64 Squares and a Grain of Rice

by puneinvestor

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Once upon a time in India, a wise man went to his king with a new invention: the game of chess. The king loved this game of queens and knights so much that he offered the poor wise man a year’s supply of rice to feed his family. The wise man, being wise, said, “Your majesty, that is very generous of you but I ask for only a token of your appreciation. Please give me just one grain of rice today representing the first square of the chessboard, and only two tomorrow representing the second. On the third day, I would like just double the number of grains received on the second day, and so on until you have fairly compensated me for the 64 squares of the chessboard. ”

The king thought him a fool to pass up on a year’s supply of rice in exchange for a few grains of rice over two months and immediately agreed to this no-brainer. As the king looked on with sympathy, the poor man walked home to his family holding one grain of rice in his palm.

On the following day, the wise man returned to the king’s palace and collected his two grains of rice for the second square of the chessboard.  On the third night too, his family had virtually nothing to eat. On the fourth day, the man’s wife, getting increasingly worried about their hungry children, pleaded with him to wiggle out of the deal with the king. “Entreat his majesty to forgive our foolishness. Let’s accept just half a year’s supply,” she said to her husband. The wise man risked marital harmony when he brought home eight measly grains of rice that day.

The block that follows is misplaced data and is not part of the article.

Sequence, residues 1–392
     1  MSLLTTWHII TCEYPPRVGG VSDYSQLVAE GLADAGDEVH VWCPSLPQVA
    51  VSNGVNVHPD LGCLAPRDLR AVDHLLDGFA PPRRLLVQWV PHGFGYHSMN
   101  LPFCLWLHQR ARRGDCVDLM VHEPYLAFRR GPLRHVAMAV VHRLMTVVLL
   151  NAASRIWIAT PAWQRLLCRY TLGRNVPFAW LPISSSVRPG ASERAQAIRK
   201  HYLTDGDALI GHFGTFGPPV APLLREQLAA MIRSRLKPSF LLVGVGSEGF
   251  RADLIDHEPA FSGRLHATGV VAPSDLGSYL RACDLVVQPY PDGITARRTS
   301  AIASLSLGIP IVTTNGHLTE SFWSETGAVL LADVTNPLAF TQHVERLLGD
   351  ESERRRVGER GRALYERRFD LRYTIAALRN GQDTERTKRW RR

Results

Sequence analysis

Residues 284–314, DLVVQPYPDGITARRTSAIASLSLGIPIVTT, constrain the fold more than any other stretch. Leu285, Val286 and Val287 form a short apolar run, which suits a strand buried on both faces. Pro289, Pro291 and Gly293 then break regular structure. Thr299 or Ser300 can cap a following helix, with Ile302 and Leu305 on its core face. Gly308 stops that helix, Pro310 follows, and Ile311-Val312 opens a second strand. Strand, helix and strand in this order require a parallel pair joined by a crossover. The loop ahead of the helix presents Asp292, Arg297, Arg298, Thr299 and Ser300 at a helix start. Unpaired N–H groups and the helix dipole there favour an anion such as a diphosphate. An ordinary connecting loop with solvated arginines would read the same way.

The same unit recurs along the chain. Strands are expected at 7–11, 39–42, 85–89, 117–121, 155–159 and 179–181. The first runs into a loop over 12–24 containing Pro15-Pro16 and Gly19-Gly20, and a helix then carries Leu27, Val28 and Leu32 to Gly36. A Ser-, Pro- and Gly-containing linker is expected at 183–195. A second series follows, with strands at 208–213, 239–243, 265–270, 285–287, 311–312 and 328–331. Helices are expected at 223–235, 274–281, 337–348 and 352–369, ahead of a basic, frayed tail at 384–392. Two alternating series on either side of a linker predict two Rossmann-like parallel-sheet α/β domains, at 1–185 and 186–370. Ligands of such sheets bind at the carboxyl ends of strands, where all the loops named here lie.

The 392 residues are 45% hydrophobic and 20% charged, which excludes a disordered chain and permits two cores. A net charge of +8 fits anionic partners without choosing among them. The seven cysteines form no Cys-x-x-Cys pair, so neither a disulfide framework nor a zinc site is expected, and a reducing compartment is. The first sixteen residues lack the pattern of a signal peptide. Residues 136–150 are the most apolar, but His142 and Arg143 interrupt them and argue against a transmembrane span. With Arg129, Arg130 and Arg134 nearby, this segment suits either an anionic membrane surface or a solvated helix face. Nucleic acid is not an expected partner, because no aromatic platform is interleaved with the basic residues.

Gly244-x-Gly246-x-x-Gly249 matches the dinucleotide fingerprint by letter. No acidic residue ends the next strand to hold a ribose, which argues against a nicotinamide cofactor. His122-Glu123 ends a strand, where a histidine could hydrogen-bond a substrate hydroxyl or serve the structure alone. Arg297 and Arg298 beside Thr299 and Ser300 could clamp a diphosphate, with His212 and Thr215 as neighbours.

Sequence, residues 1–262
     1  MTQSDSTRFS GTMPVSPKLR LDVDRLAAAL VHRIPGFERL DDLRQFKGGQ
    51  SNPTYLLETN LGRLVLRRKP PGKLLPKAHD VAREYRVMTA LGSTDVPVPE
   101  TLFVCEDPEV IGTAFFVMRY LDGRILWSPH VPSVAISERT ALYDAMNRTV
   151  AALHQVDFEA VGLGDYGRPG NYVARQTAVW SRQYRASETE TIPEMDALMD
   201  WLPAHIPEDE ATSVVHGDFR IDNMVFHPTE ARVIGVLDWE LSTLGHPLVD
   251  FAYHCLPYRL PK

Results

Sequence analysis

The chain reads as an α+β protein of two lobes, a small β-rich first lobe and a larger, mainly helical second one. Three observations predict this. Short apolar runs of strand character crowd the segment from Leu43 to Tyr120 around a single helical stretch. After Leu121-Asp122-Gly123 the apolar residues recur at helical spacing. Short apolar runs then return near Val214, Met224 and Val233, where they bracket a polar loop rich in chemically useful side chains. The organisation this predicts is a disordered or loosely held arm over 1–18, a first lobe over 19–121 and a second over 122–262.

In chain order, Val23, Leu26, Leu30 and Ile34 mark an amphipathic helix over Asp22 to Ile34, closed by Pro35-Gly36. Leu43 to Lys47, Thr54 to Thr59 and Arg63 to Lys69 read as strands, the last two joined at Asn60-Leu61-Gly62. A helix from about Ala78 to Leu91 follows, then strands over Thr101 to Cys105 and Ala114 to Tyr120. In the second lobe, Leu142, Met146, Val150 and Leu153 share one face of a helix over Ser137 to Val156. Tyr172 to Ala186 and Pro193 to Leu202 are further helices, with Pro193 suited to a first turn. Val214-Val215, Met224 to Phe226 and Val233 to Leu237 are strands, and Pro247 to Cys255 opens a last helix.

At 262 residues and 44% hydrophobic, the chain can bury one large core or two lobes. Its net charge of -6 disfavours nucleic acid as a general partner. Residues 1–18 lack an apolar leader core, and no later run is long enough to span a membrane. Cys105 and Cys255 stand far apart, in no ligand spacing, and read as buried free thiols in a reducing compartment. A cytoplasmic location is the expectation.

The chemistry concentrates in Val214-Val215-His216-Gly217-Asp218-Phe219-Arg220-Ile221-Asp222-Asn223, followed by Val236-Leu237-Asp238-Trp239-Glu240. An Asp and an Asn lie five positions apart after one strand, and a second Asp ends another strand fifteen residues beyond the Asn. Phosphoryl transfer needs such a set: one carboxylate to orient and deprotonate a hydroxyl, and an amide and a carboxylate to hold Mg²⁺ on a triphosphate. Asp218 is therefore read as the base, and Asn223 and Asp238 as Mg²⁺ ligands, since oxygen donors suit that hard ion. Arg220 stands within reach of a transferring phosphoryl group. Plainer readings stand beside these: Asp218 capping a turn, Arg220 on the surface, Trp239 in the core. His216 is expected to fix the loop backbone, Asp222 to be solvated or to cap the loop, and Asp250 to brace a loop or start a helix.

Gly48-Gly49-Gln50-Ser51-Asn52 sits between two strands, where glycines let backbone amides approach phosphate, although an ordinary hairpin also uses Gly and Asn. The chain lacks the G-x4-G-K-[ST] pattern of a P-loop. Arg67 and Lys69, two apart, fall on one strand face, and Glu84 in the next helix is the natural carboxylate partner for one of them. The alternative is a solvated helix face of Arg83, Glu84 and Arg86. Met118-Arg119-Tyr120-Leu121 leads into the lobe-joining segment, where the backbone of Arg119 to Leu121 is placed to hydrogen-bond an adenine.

By the eighth day, the wise man had been paid off for one row of the chessboard. He brought home 128 grains, not enough to feed a family of four. Unbeknownst to him, his wife went to the king the same day to beg for cancellation of the deal. The king was a big believer in moral hazard and turned her back, saying, “I intend to enforce the contract your husband has with me. Of what use are promises if they are not kept?”

It took another week before the man had enough to feed his family. His wife was now smiling because she had come to understand what was cooking and it wasn’t just rice. The compensation for the last square of the third row was 8.4 million grains of rice. At the half-way mark, the man owned all the rice in the kingdom. On the 64th day, he was to be paid two thousand Indian “rice-years”, or as much rice as it would take the whole of modern-day India two thousand years to produce.

Moral of the Story:

Like both the king and the wise man’s wife, we are prone to underestimating the exponential nature of compounding. The phenomenon is particularly difficult to appreciate during the early part of the relevant time horizon. In the wife’s situation, it is perfectly normal to want to renege on day eight. While making such a choice, though, it is important to assign appropriate weights to distant rice grains.

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